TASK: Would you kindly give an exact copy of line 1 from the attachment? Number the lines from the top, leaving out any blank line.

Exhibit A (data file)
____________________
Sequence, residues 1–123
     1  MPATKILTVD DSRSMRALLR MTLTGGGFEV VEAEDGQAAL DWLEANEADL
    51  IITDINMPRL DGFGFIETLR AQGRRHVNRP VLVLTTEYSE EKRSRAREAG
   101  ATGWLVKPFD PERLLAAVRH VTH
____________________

Sequence, residues 1–123